Introduction: Recycle Your Plastic Campaign Signs Into Jigsaw Puzzle Trays
Assembling jigsaw puzzles is a great way to keep your brain active. One of the most challenging tasks in solving a jigsaw puzzle is how to organize the hundreds and thousands of pieces in some sort of logical order. In our case, we initially used the box that the pieces came in along with tops of bankers boxes, etc.
Several elections ago, a friend of ours ran for a public office and we were given signs to put in our front yard. After the election, I began to wonder what to do with these signs.
While working on a puzzle one day, I cut one in half to use to hold the pieces; but the coloring of the sign masked out the colors of the pieces.
After some experimentation, I found that the lettering on the sign could easily be removed with a soy based paint remover and would reveal a white panel. Since the puzzle pieces were thin, all was needed was a border to prevent the pieces from sliding off when moving the boards. Foam core was thicker than the puzzle pieces and could be easily cut to use as a border. Also, the trays could be stacked on top of each other without disturbing the puzzle pieces. They were also very light due to the nature of the cell structure of the campaign sign. So here is my method of creating puzzle trays out of old political campaign signs.
Plastic campaign signs 36 inches by 24 inches
Foam core board (for strips along edge of tray)
Craft knife (I used a snap-off blade knife)
1" x 24" aluminum angle
Hot glue gun and hot glue sticks
Soy based paint remover (I used Blue Bear brand)
Step 1: Remove the Ink From the Plastic.
I used an environmentally safe soy based paint remover and some paper towels along with an old plastic card to scrape the paint off. Basically following the directions to spread the soy gel onto the printed areas of the sign, let is sit for an hour or so. Then scrape the bubbled ink off with a plastic card (like all those junk mail credit size discount sale cards) and wipe it onto paper towels. When the bulk of the ink is removed, then use a paper towel to scrub the remainder of the ink form the sign. It's really not a difficult job, just a little patience. After the first few signs you may be able to cut down on the time and there is very little soy gel product to use for all the signs.You can see the slight shading between two half signs displayed above after ink removal.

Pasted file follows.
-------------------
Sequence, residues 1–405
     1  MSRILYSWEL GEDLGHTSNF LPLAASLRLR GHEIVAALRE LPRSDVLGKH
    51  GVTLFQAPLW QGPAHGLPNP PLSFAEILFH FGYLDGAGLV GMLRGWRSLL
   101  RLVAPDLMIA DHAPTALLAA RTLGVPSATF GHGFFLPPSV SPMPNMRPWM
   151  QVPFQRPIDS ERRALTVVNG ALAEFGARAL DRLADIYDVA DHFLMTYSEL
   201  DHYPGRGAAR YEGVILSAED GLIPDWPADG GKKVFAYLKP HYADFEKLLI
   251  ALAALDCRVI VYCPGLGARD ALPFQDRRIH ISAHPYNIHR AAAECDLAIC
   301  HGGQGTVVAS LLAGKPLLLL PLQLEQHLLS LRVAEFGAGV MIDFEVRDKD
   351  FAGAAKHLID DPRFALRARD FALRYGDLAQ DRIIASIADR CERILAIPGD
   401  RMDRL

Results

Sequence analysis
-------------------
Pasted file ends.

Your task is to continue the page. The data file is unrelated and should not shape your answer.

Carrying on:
Step 2: Cut the Sign in Half
Cut the sign in half to make 2 trays of 12" by 18” each using a straight edge. (Assuming that the size of the original sign was 2’ x 3’). The size of 12” X 18” fits most folding TV tables.
I used a piece of aluminum angle as a guide.
Step 3: Create a Guide to Cut the Strips for the Edge of the Tray
Create a guide using aluminum angle to guide the cutting of the narrow strips for the edge of the tray.
- Foam or wood spacers are taped to the aluminum angle to set the distance of 3/8” from the inside bend to the edge of the angle.
- Use a ruler to set the size of the narrow strips from the edge of the angle, the scrap piece of foam core is taped to the underside of the angle to act as a stop for the foam core being cut for the strips.
Step 4: Cut Narrow Strips of Foam Core Board
- Cut narrow strips, about 1/4" or 3/8”, out of a foam core board (using foam core board is much easier to cut than using another campaign sign for the narrow strips along the edge of the tray).
Use a utility knife and a yardstick or other straight edge. I used a piece of aluminum angle with the taped in spacers on the underside of the aluminum angle..
- This allows the strips to be cut uniformly with the utility knife guided along the edge of the aluminum angle. Clamping the aluminum angle to the foam board and a wooden workbench steadies the cutting.
- Make sure you use a scrap board under the piece of foam core you are cutting or you will damage the surface of the table being used during the cutting.
Step 5: Glue the Strips to the Plastic Campaign Sign
Using hot glue gun, attach the strips to the top edges of the plastic.
Try to first apply the glue to the foam core strips first, then place the strips onto the plastic sign.
Alternatively, you can try to run a line of hot glue along the edge of the plastic sign and apply the foam core to the sign.
In either case, make sure that the glue does not ooze out into the interior of the tray as it will be difficult to remove the glue. Oozing glue on the outside of the tray can be simply cut off with the craft knife.
To be decorative, masking tape can be used to cover the edges of the tray - (might be a good idea if you have small children so that they don’t get cut on any rough plastic edges.)
I left mine alone - rough looking edges; but the trays are functional.
Step 6: Determine How Many Trays You Will Need
Depending on your approach to to solving a jigsaw puzzle, 12 trays, the size of 12” X 18, seem to be enough to hold all the puzzle pieces for a 2,000 piece puzzle.
12 trays stacked are about 4.5 inches tall.